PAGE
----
New Clear Vision

constructive commentary for the chronically farsighted

Being Human…

May 06, 2011 By: NCVeditor Category: Community, Culture, Laura L. Finley

And Running a Nonprofit That Way

by Laura L. Finley

“If I had been any weaker than I am I would have probably committed suicide after talking to the person on the hotline.”

“I avoid asking anyone at the front desk for anything because I feel like I am asking for a liver transplant.”

No human being should feel so unwanted, so desperate as the women who made the statements above. Even more deplorable is that the comments were made by women seeking to become free from abusive partners. Already the victims of manipulation and control, these women need help, not condescension. They need support, not derision. Of all the places they should be able to find that, a domestic violence crisis center ought to be one.

Yet as has been documented elsewhere, these services have become increasingly bureaucratized. Less like a grassroots, people-centered movement, oftentimes these nonprofits look more like the corporate world, with its hierarchies and cutthroat strategies. Many nonprofits today have allowed funding to drive their work, thus may provide only the services that conservative funders support. In a dramatic about-face from the original domestic violence movement, advocates at domestic violence centers often do not see themselves as political activists but instead as (often thankless) employees. In fact, they are often prohibited by funders from engaging in any political activity. The result is that services are sometimes being delivered in a cold, non-supportive manner. This leaves women feeling, at best, like a burden on the system. At worst, in contributes to their trauma and re-victimizes them.

Lest readers think I am picking on domestic violence shelters — that is not my intent. These shelters do provide important services, albeit in ways that I feel can be improved. These same problems are true in other nonprofits that should be providing human services but that often seem to forget the humanity in their service provision. This essay will focus on domestic violence shelters simply because that has been my personal experience.

It doesn’t have to be this way. And sometimes, it isn’t. Creative nonprofits offer a vision of how to operate that puts human beings first. Below, I profile just one of these as a way to illustrate human-centered service that works, I offer these comments with two goals in mind: One, that readers begin critically thinking about the type of services we offer to people in need; and two, that readers recognize the importance of being human when providing said services.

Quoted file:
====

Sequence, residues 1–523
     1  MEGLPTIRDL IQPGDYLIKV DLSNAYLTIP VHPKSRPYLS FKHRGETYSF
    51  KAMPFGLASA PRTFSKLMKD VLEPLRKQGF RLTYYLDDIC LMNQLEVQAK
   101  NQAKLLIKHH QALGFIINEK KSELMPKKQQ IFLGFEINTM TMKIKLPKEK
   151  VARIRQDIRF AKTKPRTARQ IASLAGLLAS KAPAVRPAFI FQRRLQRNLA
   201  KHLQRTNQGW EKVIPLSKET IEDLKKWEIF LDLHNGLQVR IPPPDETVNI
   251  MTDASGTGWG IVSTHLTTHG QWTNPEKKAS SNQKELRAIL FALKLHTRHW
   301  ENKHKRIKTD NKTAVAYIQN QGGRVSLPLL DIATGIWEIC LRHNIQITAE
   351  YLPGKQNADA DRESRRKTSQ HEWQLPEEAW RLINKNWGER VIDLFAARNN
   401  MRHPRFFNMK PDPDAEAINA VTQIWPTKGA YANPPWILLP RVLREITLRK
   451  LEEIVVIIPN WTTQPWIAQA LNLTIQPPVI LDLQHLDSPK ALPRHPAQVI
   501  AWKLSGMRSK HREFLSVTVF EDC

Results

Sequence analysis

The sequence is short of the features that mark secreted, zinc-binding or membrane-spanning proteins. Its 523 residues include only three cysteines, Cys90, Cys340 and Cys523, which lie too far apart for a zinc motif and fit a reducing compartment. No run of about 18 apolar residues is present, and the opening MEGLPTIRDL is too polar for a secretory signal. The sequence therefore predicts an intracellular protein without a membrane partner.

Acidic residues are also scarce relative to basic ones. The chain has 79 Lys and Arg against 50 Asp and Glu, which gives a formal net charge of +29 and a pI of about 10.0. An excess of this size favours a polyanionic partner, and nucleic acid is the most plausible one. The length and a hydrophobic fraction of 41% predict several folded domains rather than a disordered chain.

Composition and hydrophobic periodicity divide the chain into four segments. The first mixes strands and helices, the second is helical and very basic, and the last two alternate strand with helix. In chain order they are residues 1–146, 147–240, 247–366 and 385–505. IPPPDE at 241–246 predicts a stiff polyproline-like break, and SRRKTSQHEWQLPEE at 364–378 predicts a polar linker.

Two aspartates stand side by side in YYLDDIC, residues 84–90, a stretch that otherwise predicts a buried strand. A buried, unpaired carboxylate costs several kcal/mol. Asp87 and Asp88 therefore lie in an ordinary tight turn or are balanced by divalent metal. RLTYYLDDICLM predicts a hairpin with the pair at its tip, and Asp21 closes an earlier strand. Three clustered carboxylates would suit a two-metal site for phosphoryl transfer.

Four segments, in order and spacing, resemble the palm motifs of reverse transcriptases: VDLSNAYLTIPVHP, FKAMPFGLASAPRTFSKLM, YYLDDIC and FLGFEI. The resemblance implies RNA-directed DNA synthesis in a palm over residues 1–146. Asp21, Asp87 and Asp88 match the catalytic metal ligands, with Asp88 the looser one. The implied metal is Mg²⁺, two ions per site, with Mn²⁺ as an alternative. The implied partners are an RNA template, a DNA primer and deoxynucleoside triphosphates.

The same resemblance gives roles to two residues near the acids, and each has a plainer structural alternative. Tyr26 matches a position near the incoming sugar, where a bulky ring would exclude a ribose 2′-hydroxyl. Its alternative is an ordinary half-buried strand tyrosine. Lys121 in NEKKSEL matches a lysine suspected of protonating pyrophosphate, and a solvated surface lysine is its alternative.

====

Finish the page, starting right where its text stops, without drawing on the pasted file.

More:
No More Tears (NMT) is a 501(c)3 nonprofit organization based in South Florida. Started just four years ago, NMT has helped 92 women and their children get and stay free from abuse. It is entirely volunteer-run. A team of dedicated interns, volunteers, and board members work with founder and President Somy Ali to provide immediate, individualized services to women in need. Services might include rent and moving assistance, help with legal and medical fees, acquisition of food stamps and other state resources, transportation, childcare, and educational support. Many of the women NMT has served are immigrants who need legal help to acquire status, English instruction and assistance finding work.

What makes NMT so unique, though, is not just the services that are provided but how they are provided. First, NMT begins providing whatever services a specific individual needs immediately. Although other shelters may try to do so, they are increasingly over-capacity and thus often have waiting lists for housing and therapy. When a victim in need is placed on a waiting list, it tells her that her needs are not critical. Given that timing is essential for victims to leave abusers for good, having to wait for needed services might just mean she stays with an abuser longer.